73. And again others such as these met him in the outer mountain and thought to mock  him because he had not learned letters. And Antony said to them, What say ye? which is first, mind or letters? And which is the cause of which -- mind of letters or letters of mind?' And when they answered mind is first and the inventor of letters, Antony said, Whoever, therefore, hath a sound mind hath not need of letters.' This answer amazed both the bystanders and the philosophers, and they departed marvelling that they had seen so much understanding in an ignorant man. For his manners were not rough as though he had been reared in the mountain and there grown old, but graceful and polite, and his speech was seasoned with the divine salt, so that no one was envious, but rather all rejoiced over him who visited him.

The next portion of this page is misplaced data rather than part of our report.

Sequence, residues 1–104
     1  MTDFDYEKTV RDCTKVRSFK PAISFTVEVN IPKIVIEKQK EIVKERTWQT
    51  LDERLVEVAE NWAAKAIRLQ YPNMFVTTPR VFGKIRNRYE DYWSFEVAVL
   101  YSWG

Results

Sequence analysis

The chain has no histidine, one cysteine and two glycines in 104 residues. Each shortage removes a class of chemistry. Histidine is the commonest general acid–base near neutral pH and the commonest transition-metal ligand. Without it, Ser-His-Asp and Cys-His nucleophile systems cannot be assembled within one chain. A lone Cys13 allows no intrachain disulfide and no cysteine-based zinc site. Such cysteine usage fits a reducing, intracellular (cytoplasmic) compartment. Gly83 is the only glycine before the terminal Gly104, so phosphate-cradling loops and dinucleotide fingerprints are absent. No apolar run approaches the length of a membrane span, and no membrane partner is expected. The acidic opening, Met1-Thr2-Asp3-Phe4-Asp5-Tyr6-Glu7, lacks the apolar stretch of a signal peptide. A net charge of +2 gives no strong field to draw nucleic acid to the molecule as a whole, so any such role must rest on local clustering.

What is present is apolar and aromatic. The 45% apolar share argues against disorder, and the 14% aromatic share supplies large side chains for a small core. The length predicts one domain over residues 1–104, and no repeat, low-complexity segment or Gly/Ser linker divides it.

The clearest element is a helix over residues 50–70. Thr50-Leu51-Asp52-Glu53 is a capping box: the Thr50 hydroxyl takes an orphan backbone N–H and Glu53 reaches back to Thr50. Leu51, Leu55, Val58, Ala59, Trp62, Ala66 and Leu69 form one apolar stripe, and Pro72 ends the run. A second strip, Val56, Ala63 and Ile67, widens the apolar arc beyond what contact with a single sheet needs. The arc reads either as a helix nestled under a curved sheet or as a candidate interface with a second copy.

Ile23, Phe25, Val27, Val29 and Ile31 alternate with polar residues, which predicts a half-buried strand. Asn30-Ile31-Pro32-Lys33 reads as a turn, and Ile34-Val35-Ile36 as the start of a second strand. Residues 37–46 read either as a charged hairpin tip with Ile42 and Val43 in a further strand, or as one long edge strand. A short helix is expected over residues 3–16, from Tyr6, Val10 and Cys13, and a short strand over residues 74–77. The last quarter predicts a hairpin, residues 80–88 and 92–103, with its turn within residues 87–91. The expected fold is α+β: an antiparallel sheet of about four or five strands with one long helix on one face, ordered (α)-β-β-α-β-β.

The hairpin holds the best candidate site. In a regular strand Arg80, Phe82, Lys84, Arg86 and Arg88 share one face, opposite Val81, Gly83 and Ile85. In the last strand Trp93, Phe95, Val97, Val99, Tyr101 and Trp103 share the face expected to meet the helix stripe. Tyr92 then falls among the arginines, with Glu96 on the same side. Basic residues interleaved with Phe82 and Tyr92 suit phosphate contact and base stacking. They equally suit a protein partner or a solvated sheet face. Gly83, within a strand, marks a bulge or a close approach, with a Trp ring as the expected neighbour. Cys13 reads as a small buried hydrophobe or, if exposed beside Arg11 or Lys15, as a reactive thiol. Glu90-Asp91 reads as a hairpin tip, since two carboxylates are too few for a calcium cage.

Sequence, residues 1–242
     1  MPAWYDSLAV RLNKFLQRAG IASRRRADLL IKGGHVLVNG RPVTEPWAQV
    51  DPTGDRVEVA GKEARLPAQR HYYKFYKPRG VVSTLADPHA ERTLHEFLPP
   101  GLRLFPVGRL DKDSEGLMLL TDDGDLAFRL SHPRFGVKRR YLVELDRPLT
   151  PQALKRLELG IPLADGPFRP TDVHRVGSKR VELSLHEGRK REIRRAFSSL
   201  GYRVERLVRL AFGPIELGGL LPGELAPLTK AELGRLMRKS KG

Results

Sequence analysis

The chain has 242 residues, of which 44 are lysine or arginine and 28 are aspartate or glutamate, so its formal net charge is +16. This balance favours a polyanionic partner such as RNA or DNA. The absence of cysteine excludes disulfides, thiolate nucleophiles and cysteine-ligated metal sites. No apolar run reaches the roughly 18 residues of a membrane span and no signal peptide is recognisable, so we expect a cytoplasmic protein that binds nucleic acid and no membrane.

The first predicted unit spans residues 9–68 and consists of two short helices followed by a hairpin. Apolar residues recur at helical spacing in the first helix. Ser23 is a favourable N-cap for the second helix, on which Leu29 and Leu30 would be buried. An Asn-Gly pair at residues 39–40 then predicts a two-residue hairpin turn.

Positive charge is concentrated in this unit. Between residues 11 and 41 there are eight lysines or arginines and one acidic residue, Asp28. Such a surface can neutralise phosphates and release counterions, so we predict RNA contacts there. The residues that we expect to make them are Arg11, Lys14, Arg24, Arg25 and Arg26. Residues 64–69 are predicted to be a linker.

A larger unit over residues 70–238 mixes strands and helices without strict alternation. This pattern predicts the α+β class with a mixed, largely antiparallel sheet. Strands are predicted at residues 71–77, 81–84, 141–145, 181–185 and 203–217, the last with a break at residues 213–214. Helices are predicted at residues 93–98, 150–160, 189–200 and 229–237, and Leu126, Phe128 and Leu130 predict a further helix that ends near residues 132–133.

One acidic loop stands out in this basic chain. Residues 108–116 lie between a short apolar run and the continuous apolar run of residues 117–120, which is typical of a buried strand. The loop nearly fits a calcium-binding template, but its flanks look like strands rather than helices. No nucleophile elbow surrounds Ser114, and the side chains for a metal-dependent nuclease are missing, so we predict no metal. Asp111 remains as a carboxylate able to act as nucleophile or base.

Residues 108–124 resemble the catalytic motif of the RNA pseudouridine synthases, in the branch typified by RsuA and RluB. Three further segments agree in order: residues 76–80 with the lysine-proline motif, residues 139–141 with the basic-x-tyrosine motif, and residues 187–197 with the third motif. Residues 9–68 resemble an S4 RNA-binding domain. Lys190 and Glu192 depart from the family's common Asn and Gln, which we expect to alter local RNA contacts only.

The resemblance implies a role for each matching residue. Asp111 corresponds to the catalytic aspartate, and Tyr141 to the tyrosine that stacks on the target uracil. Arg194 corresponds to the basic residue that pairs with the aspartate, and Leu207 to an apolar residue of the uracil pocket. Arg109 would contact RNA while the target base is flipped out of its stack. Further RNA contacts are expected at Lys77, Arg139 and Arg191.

74. After this again certain others came; and these were men who were deemed wise among the Greeks, and they asked him a reason for our faith in Christ. But when they attempted to dispute concerning the preaching of the divine Cross and meant to mock, Antony stopped for a little, and first pitying their ignorance, said, through an interpreter, who could skilfully interpret his words, Which is more beautiful, to confess the Cross or to attribute to those whom you call gods adultery and the seduction of boys? For that which is chosen by us is a sign of courage and a sure token of the contempt of death, while yours are the passions of licentiousness. Next, which is better, to say that the Word of God was not changed, but, being the same, He took a human body for the salvation and well-being of man, that having shared in human birth He might make man partake in the divine and spiritual nature  ; or to liken the divine to senseless animals and consequently to worship four-footed beasts, creeping things and the likenesses of men? For these things, are the objects of reverence of you wise men. But how do you dare to mock us, who say that Christ has appeared as man, seeing that you, bringing the soul from heaven, assert that it has strayed and fallen from the vault of the sky into body  ? And would that you had said that it had fallen into human body alone, and not asserted that it passes and changes into four-footed beasts and creeping things. For our faith declares that the coming of Christ was for the salvation of men. But you err because you speak of soul as not generated. And we, considering the power and loving-kindness of Providence, think that the coming of Christ in the flesh was not impossible with God. But you, although calling the soul the likeness of Mind  , connect it with falls and feign in your myths that it is changeable, and consequently introduce the idea that Mind itself is changeable by reason of the soul. For whatever is the nature of a likeness, such necessarily is the nature of that of which it is a likeness. But whenever you think such a thought concerning Mind, remember that you blaspheme even the Father of Mind Himself  .